Recently many motorists have complained about the higher pump prices as it cost them more when they filled up their tanks. Government officials, on the other hand, are scratching their heads and wondering when will crude oil prices stop climbing, as they have driven up general prices and placed greater pressure on the government to attain its 4-percent economic growth target this year.
Worries are growing because we have seen record high oil prices every other day for the past week, with the price rising above US$67 a barrel in New York on Friday due to a spate of refinery problems in the US. Foreign oil analysts said oil could reach US$75 a barrel in the next 12 months. But what scared us more was a report published in late March by Goldman Sachs that a "super spike" in oil prices might occur, and that oil could eventually reach as high as US$105 a barrel.
Economists at the Taiwan Institute of Economic Research (TIER,
Surely, high oil prices will clearly create headwinds and slow the economy down, but what economists can not answer is how long the persisting price crisis will last. What they can tell is that we are embracing a new era in which higher -- and more volatile -- oil prices become the norm.
At present, Taiwan imports 97 percent of its energy resources. According to government data, the nation imported US$13.1 billion worth of crude oil last year, up 37.9 percent from around US$9.5 billion the previous year. For the January to June period this year, oil imports totalled US$8.3 billion, and the number is expected to increase nearly 30 percent to US$17 billion this year, in accordance with the upward trend.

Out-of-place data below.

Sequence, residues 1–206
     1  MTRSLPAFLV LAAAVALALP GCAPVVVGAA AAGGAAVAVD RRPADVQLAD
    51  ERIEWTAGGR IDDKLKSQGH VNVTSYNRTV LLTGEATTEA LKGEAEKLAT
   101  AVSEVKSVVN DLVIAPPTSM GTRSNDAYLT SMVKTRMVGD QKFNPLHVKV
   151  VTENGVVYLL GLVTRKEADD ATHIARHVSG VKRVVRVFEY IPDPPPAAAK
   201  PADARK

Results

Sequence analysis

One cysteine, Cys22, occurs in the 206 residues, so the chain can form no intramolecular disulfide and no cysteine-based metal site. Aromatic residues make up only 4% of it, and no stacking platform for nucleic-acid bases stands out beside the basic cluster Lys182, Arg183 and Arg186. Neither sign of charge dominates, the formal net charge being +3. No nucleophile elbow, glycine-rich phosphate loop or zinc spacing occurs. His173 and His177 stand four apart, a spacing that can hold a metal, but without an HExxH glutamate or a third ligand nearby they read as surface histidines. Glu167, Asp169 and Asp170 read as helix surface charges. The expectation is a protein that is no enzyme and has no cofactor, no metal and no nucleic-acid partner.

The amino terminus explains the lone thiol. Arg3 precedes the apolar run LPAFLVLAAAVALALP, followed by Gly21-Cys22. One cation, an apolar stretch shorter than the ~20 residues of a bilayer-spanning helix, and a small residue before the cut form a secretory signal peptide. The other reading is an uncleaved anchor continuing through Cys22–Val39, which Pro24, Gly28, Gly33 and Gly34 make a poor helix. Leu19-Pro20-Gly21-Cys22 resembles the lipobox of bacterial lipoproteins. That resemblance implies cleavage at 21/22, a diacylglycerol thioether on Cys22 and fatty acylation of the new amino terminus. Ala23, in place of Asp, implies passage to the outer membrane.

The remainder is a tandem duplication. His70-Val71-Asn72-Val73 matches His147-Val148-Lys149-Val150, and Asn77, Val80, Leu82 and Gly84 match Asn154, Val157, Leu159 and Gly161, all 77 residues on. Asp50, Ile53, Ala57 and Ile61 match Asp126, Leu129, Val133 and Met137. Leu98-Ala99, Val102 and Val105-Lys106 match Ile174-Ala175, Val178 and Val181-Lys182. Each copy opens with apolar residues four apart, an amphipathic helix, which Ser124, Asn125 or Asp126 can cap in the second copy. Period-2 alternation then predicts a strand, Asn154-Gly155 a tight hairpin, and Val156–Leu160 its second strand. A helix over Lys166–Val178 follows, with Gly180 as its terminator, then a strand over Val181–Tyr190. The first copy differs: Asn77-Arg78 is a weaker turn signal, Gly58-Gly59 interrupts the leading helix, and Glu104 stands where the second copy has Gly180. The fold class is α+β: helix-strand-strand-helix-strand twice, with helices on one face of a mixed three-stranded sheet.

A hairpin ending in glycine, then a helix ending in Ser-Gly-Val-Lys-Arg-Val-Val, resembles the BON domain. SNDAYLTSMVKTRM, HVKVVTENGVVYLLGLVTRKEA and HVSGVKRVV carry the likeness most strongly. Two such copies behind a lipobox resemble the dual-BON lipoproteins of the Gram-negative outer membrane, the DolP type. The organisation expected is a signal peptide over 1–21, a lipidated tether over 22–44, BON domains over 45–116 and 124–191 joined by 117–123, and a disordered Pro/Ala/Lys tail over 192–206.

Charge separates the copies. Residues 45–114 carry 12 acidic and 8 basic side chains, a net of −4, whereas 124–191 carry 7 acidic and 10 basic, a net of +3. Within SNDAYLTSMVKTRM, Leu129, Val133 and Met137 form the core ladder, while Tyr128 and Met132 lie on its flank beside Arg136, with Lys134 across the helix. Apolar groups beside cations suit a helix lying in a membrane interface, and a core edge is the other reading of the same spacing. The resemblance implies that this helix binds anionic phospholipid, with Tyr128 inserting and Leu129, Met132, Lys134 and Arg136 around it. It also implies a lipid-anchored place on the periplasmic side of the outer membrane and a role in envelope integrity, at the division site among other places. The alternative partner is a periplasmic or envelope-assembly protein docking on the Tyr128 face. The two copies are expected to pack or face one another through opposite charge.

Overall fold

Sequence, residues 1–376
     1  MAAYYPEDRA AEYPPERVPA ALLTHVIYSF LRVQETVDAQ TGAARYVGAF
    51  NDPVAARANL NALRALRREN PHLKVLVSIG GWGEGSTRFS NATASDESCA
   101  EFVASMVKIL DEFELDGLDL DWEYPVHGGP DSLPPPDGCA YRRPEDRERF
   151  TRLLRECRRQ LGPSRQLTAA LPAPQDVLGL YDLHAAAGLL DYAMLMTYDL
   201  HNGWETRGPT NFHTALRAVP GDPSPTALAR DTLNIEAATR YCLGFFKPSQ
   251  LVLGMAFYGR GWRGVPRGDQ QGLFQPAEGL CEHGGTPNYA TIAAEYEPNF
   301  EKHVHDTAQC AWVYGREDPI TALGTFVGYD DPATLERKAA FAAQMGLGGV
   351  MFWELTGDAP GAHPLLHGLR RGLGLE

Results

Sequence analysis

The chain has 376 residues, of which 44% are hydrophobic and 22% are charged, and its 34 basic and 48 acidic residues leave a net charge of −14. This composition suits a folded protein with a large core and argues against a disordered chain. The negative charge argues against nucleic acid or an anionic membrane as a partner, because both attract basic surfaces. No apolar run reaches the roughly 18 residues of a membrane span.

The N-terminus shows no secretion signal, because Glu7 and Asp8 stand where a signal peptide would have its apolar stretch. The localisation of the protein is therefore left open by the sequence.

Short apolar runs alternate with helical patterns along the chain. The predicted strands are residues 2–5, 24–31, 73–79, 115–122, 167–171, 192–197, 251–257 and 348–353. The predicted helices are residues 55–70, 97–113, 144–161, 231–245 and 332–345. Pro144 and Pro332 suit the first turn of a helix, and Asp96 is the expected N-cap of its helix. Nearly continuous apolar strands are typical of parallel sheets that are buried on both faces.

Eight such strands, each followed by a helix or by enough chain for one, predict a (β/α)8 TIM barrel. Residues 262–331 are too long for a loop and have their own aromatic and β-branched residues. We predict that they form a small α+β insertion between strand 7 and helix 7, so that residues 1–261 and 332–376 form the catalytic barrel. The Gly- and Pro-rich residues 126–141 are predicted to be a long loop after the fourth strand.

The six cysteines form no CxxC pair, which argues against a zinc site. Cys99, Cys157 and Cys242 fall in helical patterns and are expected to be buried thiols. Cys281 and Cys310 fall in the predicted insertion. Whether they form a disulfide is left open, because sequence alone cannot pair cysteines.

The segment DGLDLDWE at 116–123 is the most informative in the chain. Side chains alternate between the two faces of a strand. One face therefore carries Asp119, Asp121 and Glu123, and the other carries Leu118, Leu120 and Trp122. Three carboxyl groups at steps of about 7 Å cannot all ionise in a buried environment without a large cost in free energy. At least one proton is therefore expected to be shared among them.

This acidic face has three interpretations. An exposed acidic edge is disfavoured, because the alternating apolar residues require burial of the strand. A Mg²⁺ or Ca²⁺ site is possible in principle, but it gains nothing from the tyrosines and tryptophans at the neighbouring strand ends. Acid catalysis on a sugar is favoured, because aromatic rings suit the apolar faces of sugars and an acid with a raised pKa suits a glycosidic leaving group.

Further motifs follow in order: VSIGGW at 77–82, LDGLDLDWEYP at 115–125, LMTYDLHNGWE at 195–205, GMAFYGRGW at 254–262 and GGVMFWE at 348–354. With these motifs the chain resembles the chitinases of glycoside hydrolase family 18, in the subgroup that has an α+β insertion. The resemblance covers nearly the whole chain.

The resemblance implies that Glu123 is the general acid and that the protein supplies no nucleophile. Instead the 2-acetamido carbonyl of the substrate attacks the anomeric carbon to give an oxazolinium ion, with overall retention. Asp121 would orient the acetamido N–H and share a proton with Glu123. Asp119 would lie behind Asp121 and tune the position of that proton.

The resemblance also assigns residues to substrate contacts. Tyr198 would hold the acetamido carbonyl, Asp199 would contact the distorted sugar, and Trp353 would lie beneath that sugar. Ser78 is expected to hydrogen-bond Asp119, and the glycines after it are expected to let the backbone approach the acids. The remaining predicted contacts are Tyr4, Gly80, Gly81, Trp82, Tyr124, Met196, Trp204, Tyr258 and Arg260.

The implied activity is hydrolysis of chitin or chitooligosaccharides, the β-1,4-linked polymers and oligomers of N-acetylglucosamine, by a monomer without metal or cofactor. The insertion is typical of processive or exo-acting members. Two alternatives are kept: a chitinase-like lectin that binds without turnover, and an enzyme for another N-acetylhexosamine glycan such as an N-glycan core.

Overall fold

Rising oil imports have eaten into the nation's trade surplus as local refiners have to pay more to buy crude oil. To counter the impact of record crude oil costs, the nation's two refiners, Chinese Petroleum Corp (
There is no single explanation for why oil is so expensive, and the government is evaluating the impact of higher oil costs on economic growth and domestic consumer prices. But besides making evaluations, what strategy has the government adopted?
Look at Taiwan's rival: Current high crude oil prices have prompted several Chinese oil companies to seek exploitable oil resources elsewhere to help meet surging demand at home, although it has also resulted in a tense relationship between China and the US over who controls oil supplies, following the recent bid by CNOOC Ltd (中國海洋石油) for Unocal Corp.
Taiwan may find it hard to play a hand in such geopolitical struggles over energy sources, but what it needs to do is to search for renewable sources of power on the grounds of national and energy security concern. The question is: Has it done enough for itself? Has the government decided on what kind of industry is necessary for the sustained development of our economy? And what energy resources would better serve these industries? Also, have our motorists responded by driving smaller cars instead of big SUVs?